Friday, August 14, 2020


In the wake of President Trump’s somewhat aggressive executive orders on payroll taxes and unemployment payments this month, it is probably wise and useful to think about the nature of precedent, the deficiencies of Congress, the problem of the Supreme Court, and what it all means for the next Democratic president (whenever he or she appears).

Let me note at the outset that the payroll tax is a regressive monstrosity and that Republicans should be ashamed that they have spent much more attention and energy to reducing corporate taxes than to reducing or eliminating the payroll tax, which is really a tax on employment and pay raises.

With that said, what the president did was ill-considered.

By suspending collection of the payroll tax, Mr. Trump extended two bad precedents. First, he adopted his predecessor’s approach to DACA by simply refusing to enforce a law. Additionally, he — again — moved funding from one account to another and thereby vitiated the entire appropriations process.

In both instances, and especially with respect to DACA, a sitting president essentially made law on his own, without reference to Congress. As laudable as the underlying goals might be, that can’t be tolerated in a constitutional republic. We have no king here. We want no king here. Citizens rule themselves principally through the legislature.

For its part, the Supreme Court has added fuel to the fire by not only tolerating but also institutionalizing the idea that presidents can make law on their own. In its recent decision in DHS v. Regents, the court made President Obama’s approach to DACA — refusal to execute a set of laws — binding on his successors with respect to that policy. In doing that, the justices have confirmed presidents’ ability to make law — or refusal to enforce laws — and expanded it by occluding possible remedies.

Democrats were happy enough about the policy outcome that they didn’t care that the court had dramatically expanded the powers of the executive at the expense of the legislature. Conversely, despite his unhappiness with the policy outcome, it took the president less than eight weeks to use the new authority given to him by the court to execute the orders on payroll taxes and unemployment.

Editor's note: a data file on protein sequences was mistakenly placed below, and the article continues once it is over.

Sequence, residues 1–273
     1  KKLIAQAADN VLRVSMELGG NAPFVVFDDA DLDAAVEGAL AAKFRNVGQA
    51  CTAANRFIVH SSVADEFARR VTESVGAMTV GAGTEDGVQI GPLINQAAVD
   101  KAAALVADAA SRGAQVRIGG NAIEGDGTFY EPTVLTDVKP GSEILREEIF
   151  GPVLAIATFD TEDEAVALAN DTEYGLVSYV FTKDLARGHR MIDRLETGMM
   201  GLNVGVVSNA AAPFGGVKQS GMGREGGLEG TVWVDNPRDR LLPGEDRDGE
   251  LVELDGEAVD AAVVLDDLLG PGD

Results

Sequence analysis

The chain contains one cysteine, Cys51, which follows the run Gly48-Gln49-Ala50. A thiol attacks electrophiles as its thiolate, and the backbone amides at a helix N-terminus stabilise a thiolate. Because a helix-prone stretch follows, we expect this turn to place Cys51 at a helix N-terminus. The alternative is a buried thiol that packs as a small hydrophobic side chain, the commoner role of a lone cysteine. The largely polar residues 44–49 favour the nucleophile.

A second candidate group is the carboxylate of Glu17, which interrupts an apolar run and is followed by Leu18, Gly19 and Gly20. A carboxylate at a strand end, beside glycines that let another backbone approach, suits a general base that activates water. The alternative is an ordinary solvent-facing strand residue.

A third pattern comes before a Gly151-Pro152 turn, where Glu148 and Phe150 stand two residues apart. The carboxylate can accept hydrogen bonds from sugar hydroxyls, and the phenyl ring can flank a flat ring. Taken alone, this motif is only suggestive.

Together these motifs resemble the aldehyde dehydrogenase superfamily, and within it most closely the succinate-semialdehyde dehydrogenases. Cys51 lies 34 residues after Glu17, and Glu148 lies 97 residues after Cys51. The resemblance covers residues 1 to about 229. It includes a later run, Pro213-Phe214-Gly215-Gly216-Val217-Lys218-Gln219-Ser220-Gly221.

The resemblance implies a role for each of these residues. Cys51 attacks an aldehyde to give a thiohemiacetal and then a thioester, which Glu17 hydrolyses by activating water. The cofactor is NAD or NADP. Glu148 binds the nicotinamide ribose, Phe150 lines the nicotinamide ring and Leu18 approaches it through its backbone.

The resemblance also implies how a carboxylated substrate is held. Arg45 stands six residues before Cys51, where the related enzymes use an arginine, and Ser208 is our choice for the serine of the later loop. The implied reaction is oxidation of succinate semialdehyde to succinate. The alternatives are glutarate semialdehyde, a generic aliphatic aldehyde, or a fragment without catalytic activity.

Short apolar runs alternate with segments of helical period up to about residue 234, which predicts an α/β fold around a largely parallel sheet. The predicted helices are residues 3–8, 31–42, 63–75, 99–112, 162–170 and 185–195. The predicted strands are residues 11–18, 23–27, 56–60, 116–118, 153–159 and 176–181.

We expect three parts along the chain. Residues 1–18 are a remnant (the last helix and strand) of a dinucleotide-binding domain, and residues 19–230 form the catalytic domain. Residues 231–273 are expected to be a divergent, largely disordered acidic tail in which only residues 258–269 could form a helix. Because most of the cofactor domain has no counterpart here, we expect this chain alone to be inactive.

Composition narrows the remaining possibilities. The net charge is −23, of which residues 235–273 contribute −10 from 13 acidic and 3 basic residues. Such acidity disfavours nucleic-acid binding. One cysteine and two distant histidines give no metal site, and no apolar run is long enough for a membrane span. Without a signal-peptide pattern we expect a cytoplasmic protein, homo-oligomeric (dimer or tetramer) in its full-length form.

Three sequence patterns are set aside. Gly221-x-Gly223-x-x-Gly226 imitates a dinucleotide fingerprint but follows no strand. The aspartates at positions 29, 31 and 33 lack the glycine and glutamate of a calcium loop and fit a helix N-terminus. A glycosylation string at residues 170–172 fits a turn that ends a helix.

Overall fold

The next Democratic president will be emboldened and empowered by that Supreme Court decision and by Mr. Trump’s aggressive and immediate application of its expansiveness. He or she will no doubt use that newly created power in all sorts of areas where there are strong and durable policy disagreements. Climate change? Health care? Taxes? Gun confiscation?  

What would keep a Biden administration from reprogramming money from the defense budget to the Department of Health and Human Services? Or from announcing that it is not going to collect taxes on anyone making less than $150,000? Or from declaring a public health emergency and seizing privately held weapons?

For Congress, this is an existential moment.

If a president can decide which laws an administration will enforce, and to what extent, what then is the purpose of establishing laws in the first place? If a president can move appropriated funds where he wishes without reference to the will of the legislature, what is the value of the power of the purse? Why have a legislature at all?

In short, we have finally arrived where we have been heading for 50 years: the day of reckoning for the legislative branch. Will its members be able to overcome their partisan attachments and reassert their constitutional prerogatives and authorities, even if that means losing ground on important policy objectives? Or will legislators be unable to summon the resolve to work for the long-term good of the institution — and the nation it represents?

I have taken the same oath of office as members of Congress. The gravity of the charge weighs as you say the words:  “I do solemnly swear that I will support and defend the Constitution of the United States.”

If you’ll note, the oath is to defend the Constitution, not policies nor preferences nor parties.

• Michael McKenna, a columnist for The Washington Times, is the president of MWR Strategies. He was most recently a deputy assistant to the president and deputy director of the Office of Legislative Affairs at the White House.

Copyright © 2020 The Washington Times, LLC.